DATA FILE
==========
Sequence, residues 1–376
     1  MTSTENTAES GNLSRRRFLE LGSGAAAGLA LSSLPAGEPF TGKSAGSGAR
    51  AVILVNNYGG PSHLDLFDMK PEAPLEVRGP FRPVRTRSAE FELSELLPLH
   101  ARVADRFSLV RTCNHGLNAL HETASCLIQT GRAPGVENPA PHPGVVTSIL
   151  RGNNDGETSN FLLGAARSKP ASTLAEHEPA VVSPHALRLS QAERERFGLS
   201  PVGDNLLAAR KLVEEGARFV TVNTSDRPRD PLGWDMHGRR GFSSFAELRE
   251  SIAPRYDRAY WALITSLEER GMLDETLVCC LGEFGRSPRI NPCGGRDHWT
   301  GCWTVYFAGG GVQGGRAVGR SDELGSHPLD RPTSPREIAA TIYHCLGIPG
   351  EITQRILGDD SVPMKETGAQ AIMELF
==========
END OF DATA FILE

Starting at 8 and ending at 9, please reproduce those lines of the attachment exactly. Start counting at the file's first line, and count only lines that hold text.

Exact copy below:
   301  GCWTVYFAGG GVQGGRAVGR SDELGSHPLD RPTSPREIAA TIYHCLGIPG
   351  EITQRILGDD SVPMKETGAQ AIMELF